Chattanooga ranks No. 1 for social well-being

Chattanooga ranks No. 1 for social well-being

April 9th, 2015 by Alex Green in Business Around the Region

How the rating is done

State of American Well-Being: 2014 Community Well-Being Rankings" examines the comparative well-being of the largest 100 communities in the United States. Results are based on telephone interviews conducted throughout 2014 with a random sample of 176,702 adults, age 18 and older, living in the top 100 metro areas.

Aerial shows downtown Chattanooga, the Aquarium, Market Street Bridge, Tennessee River and the Bluff View district.

Aerial shows downtown Chattanooga, the Aquarium, Market Street...

Photo by Dan Henry /Times Free Press.

Maybe this is the Chattanooga Way quantified.

According to a Gallup-Healthways poll conducted over the course of last year, the Chattanooga metro area is No. 1 in the country for social well-being.

That's No. 1 among America's 100 biggest metropolitan areas for people with support and love from friends and family, with encouragement to go bigger, do better and try new things.

And it's Chattanoogans being 6 percent more likely than the country as a whole to be on the receiving end of friends' and families' "positive energy."

Chattanooga also ranked No. 2 among the top 100 metro areas for community well-being, "liking where you live, feeling safe and having pride in your community," according to the poll.

To Kim White, president and CEO of River City Company, the city's latest accolade means the quest to build a better city is working.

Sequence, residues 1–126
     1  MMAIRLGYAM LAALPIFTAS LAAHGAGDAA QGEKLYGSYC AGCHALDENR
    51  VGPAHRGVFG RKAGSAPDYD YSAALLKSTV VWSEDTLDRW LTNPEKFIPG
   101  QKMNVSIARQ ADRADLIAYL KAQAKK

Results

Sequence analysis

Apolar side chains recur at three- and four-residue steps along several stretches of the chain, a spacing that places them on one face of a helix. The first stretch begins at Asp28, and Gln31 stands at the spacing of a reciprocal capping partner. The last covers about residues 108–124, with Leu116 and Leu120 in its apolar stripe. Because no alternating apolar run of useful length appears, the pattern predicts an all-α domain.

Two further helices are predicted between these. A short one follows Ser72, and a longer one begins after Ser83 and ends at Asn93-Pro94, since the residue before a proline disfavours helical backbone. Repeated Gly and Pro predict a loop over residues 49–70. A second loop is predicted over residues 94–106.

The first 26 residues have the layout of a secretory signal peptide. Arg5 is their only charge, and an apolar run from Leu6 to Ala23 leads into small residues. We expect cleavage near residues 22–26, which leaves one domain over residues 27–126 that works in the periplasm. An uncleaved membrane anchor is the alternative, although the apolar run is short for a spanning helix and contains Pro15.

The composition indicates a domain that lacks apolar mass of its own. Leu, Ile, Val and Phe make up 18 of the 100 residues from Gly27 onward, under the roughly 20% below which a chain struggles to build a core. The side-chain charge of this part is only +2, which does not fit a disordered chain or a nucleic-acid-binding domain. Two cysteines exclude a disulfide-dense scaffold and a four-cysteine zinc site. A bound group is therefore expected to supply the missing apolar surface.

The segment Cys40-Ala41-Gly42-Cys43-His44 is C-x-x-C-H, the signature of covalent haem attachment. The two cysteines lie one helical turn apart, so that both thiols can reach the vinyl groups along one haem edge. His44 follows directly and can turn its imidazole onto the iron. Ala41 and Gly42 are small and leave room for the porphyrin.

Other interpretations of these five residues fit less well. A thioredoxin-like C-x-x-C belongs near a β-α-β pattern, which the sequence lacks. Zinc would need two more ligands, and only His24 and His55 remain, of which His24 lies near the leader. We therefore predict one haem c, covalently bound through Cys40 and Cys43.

"We've been working to build a great city for people who live here for 30 years," she said.

Terms like "Chattanooga Story" and "Chattanooga Way" are tossed around frequently in the city, at civic program kick-offs and business groundbreakings, and many seasoned residents point to the Tennessee Aquarium and talk about public-private partnerships and EPB.

So maybe being a place of social well-being -- "an end state in which basic human needs are met and people are able to coexist peacefully," according to the United States Institute of Peace -- is where the Chattanooga Way leads.

"I do think Chattanooga is a very special place," said White. "You can come into the city and feel like you can make a difference."

And "the people are proud," she said. "I think we've had community involvement, and civic involvement is part of our DNA now."

Jason Bowers and Matt Skudlarek, co-founders and co-owners of The Bitter Alibi, met in the Houston Street basement bar they would (unknowingly at the time) run someday.

Bowers, a Chattanooga native, said the city's social scene has morphed before his own eyes.

And he said operating a downtown bar has provided a window into the changes.

"For Matt and I, we've seen kind of the social part in this town grow a lot, especially with the early 20s, early 30s age group," said Bowers.

He said Bitter Alibi reaches across several demographics and draws young patrons, old patrons, young professionals and college students.

"We don't care who you are," he said. "We like when the place fills up. We like for people to get to know each other."

Friends in Nashville -- number 44 overall on the Gallup-Healthways poll -- have told him it's different there.

And Knoxville -- one of only three metro areas with a 59 overall score or lower -- can't touch the Scenic City right now, according to the numbers.

Chattanooga's East Tennessee neighbor came in at number 98 of 100 communities in the overall ranking of well-being, with Chattanooga coming in at 14.

It's second-to-last in purpose well-being, next-to-last in social well-being and dead last in physical well-being.

But while Chattanooga may fly high in terms of social well-being, the city has a lot of work to do climbing the financial and physical well-being ladders, coming in at number 64 and number 59, respectively.

And the city had 32 shootings, including eight homicides, year-to-date last year.

And 28 shootings, including five homicides, so far this year.

Contact staff writer Alex Green at agreen@timesfreepress.com or 423-757-6480.